There are many ways in which designers are financing their work—like crowdfunding—and selling it—like Fab, Bezar, and One Kings Lane. Where do you think the future of design commerce lies?
Particularly for our business—which is an interiors business—the old model of a SoHo professional showroom is dead. Increasingly, it's harder and harder to justify retail stores as well. You have to find hybrid models.

I think collaborative models are very important, but it's also where Fab and these huge infrastructures are kind of fascinating. I'm more interested in the ability of a designer to get their goods to market without having to engage with the old model that used to involve huge batches of things made in low-cost economies. I think the Etsy and eBay shops offer the ability to instantly tell the whole world about what you're doing. It's is an extraordinary tool, but too few designers at the moment are using in an effective way.

There's a convergence of more digitized manufacturing techniques and proximity to new customers. The disadvantage for designers is anyone can do it so it becomes more competitive as a result. If someone's got an original idea, the ability to disseminate it for themselves has never been greater. The problem is knowing how to monetize it and how to position it.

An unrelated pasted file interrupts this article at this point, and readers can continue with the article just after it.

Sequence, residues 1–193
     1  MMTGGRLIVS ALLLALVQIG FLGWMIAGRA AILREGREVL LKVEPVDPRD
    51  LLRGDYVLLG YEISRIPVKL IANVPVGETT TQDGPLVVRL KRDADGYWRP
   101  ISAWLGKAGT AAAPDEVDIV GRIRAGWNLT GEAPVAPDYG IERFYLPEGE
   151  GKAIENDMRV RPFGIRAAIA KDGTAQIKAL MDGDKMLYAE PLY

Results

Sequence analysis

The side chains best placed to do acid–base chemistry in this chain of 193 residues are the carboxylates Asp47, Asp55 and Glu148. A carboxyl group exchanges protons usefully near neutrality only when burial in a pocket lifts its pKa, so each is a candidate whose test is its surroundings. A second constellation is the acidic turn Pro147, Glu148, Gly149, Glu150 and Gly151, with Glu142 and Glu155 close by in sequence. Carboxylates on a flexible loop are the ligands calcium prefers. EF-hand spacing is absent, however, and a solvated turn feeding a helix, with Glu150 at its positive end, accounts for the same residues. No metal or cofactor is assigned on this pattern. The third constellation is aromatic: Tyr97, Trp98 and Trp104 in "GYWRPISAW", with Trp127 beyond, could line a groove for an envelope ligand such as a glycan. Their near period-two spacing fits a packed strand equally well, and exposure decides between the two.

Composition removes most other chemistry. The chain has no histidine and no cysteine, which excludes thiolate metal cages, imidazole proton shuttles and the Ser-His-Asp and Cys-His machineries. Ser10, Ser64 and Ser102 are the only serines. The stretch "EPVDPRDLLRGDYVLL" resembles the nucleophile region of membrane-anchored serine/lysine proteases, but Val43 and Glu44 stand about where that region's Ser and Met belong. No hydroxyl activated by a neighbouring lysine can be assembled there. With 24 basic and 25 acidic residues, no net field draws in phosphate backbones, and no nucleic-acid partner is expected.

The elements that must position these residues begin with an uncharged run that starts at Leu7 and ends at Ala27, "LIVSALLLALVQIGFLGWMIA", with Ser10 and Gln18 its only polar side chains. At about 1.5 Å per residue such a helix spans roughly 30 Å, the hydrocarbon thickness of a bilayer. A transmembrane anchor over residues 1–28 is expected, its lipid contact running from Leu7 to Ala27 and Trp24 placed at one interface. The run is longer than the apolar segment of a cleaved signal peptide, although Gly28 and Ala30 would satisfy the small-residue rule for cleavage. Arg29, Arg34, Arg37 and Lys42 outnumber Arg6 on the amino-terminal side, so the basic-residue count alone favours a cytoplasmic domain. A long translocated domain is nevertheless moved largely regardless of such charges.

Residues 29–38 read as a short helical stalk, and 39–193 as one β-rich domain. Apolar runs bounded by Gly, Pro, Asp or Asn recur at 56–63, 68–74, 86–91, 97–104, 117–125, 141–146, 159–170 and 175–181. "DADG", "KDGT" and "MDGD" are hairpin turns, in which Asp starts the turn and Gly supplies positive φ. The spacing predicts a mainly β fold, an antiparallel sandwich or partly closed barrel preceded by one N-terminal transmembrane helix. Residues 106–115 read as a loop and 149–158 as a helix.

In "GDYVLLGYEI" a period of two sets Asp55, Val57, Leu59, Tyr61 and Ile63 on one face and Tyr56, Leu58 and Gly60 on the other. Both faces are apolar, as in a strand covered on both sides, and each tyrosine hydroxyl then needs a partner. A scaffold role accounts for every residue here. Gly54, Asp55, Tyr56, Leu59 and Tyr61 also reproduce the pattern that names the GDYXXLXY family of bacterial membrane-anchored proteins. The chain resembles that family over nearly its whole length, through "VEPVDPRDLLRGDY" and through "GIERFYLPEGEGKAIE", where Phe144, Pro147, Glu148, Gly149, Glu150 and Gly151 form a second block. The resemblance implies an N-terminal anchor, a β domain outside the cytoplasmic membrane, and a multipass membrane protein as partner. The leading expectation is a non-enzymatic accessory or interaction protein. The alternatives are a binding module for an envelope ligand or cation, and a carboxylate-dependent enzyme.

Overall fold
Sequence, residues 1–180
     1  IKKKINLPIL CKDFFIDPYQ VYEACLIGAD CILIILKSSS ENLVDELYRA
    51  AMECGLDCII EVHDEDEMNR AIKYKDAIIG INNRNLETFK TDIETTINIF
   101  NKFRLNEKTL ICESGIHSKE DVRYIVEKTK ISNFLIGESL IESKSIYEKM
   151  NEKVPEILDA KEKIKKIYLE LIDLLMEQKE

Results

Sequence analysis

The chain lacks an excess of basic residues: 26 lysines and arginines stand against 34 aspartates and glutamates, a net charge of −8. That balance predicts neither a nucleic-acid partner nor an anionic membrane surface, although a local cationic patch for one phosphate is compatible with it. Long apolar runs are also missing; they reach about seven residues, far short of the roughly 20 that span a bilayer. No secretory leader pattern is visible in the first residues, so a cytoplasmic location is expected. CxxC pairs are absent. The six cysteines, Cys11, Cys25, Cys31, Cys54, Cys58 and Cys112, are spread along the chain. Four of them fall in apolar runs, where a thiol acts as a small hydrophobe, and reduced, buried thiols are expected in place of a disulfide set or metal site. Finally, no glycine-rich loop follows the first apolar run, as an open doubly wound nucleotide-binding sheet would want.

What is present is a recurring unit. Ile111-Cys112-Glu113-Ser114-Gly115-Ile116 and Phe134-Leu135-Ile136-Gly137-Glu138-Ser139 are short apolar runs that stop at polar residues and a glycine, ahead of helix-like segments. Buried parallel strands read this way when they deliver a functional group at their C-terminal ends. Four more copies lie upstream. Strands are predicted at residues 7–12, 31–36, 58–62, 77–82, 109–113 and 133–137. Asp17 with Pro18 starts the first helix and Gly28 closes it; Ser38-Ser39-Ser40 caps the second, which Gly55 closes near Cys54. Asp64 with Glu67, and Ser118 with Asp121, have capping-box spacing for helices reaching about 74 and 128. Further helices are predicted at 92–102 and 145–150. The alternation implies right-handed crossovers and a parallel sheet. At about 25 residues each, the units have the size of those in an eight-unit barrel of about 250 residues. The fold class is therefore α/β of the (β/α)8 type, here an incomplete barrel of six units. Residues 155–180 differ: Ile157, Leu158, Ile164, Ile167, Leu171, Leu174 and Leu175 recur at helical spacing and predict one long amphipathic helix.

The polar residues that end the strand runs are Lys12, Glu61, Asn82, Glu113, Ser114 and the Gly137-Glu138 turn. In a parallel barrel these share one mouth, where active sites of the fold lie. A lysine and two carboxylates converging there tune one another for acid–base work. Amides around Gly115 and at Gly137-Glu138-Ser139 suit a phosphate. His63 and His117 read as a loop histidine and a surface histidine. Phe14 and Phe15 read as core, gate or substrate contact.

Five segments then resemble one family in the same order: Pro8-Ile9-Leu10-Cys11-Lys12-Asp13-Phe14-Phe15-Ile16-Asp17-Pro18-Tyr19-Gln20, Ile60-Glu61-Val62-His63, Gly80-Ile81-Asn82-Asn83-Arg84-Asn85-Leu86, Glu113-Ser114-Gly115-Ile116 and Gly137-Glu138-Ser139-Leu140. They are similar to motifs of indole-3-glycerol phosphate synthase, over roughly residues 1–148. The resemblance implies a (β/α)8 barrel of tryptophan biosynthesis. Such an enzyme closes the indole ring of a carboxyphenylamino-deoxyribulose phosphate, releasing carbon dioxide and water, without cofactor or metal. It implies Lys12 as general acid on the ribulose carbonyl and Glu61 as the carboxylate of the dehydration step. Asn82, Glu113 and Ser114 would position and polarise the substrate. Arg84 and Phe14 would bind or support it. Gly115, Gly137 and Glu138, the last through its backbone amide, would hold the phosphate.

What did you want the new collection to embody?
We don't have the full collection on view here, but the exciting stuff is the preview of the new finishes. New York is first and that's kind of nice because previously for us New York was always last because by the time ICFF [the International Contemporary Furniture Fair] came, it was so close to [the] Milan [design show] that we couldn't physically ship the goods.

We kind of changed completely the way that we do stuff in that we're trying to launch stuff in a less Europe-centric way. It's because America has been really good for us in the last couple of years and my observation has been you only get out of America what you put in. So what I'm excited about is that we're showing these new finishes in a place where normally you wouldn't see them for a year [after they debuted].

We're taking a better stab at not being just European. America is becoming more and more interested in contemporary design. It's been through a phase that was nostalgic, very shabby chic, very midcentury modern. I think it's keen to be modern again which is great.